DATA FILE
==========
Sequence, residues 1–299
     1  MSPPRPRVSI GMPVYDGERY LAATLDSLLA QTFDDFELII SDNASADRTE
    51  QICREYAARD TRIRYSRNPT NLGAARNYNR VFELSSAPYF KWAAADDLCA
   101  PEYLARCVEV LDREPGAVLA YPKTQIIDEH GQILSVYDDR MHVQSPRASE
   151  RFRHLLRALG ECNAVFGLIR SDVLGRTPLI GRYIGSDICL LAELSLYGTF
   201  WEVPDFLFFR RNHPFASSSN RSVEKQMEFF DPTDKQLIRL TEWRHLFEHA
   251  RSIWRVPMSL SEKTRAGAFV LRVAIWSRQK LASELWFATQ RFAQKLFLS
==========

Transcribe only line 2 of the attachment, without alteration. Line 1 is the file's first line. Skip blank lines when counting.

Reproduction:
     1  MSPPRPRVSI GMPVYDGERY LAATLDSLLA QTFDDFELII SDNASADRTE